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News Office of the High Commissioner for Human Rights

Ukraine: civilian casualty update 7 March 2022

07 March 2022

7 March 2022

Between 04:00 on 24 February 2022, when the Russian Federation’s armed attack against Ukraine started, and 24:00 on 6 March 2022 (local time), the Office of the UN High Commissioner for Human Rights (OHCHR) recorded 1,207 civilian casualties in the country: 406 killed and 801 injured. This included:

- a total of 406 killed (77 men, 45 women, 8 boys, and 4 girls, as well as 15 children and 257 adults whose sex is yet unknown)
- a total of 801 injured (72 men, 51 women, 11 girls, and 2 boys, as well as 29 children and 636 adults whose sex is yet unknown)

The geographical breakdown of the casualties is as follows:

  • In Donetsk and Luhansk regions: 528 casualties (93 killed and 435 injured)
  • In Government-controlled territory: 394 casualties (70 killed and 324 injured)
  • In territory controlled by the self-proclaimed ‘republics’: 134 casualties (23 killed and 111 injured)
  • In other regions of Ukraine (the city of Kyiv, and Cherkasy, Chernihiv, Kharkiv, Kherson, Kyiv, Mykolaiv, Odesa, Sumy, Zaporizhzhia, and Zhytomyr regions), which were under Government control when casualties occurred: 679 casualties (313 killed and 366 injured)

Most of the civilian casualties recorded were caused by the use of explosive weapons with a wide impact area, including shelling from heavy artillery and multi-launch rocket systems, and missile and air strikes.

OHCHR believes that the real figures are considerably higher, especially in Government- controlled territory and especially in recent days, as the receipt of information from some locations where intense hostilities have been going on has been delayed and many reports are still pending corroboration. This concerns, for example, the town of Volnovakha where there are allegations of hundreds of civilian casualties. These figures are being further corroborated and are not included in the above statistics.

OHCHR notes the report of the Ukrainian Parliament Commissioner for Human Rights, according to which as of 24:00 (local time) 6 March 2022, 38 children had been killed and 71 injured. OHCHR also notes a report by the National Police of Kharkiv region, according to which as of 09:00 (local time) 7 March 2022, the total number of civilian casualties in Kharkiv region was 133 killed (128 adults and 5 children) and 319 injured.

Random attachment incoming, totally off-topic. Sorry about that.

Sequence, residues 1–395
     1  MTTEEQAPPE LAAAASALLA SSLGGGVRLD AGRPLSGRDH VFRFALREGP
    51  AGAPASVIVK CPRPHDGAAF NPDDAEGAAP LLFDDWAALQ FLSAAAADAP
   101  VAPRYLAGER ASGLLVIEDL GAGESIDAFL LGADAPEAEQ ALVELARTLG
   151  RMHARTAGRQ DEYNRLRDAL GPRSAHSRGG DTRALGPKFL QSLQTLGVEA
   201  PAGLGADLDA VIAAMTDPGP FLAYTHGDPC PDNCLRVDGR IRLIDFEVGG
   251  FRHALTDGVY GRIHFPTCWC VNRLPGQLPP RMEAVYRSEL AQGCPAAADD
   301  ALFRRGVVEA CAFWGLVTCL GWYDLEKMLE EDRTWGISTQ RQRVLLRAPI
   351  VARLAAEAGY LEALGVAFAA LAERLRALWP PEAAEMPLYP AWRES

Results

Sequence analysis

An increase in figures in this update compared with the previous update (24:00 local time, March 2022) should not be attributed to civilian casualties that occurred on 6 March only, as during the day OHCHR also corroborated casualties that occurred on previous days.

The UN Human Rights Monitoring Mission in Ukraine

Since 2014, OHCHR has been documenting civilian casualties in Ukraine. Reports are based on information that the UN Human Rights Monitoring Mission in Ukraine (HRMMU) collected through interviews with victims and their relatives; witnesses; analysis of corroborating material confidentially shared with HRMMU; official records; open-source documents, photo and video materials; forensic records and reports; criminal investigation materials; court documents; reports by international and national non-governmental organisations; public reports by law enforcement and military actors; data from medical facilities and local authorities. All sources and information are assessed for their relevance and credibility and cross-checked against other information. In some instances, corroboration may take time. This may mean that conclusions on civilian casualties may be revised as more information becomes available and numbers may change as new information emerges over time.

Since 24 February 2022, in the context of the Russian Federation’s military action in Ukraine, HRMMU has been unable to visit places of incidents and interview victims and witnesses there. All other sources of information have been extensively used, including HRMMU contact persons and partners in places where civilian casualties occurred. Statistics presented in the current update are based on individual civilian casualty records where the “reasonable grounds to believe” standard of proof was met, namely where, based on a body of verified information, an ordinarily prudent observer would have reasonable grounds to believe that the casualty took place as described.


Ukrainian and Russian language versions of this update as they become available, please visit this page.

For more information and media requests, please contact:
Liz Throssell + 41 22 917 9296 / [email protected]

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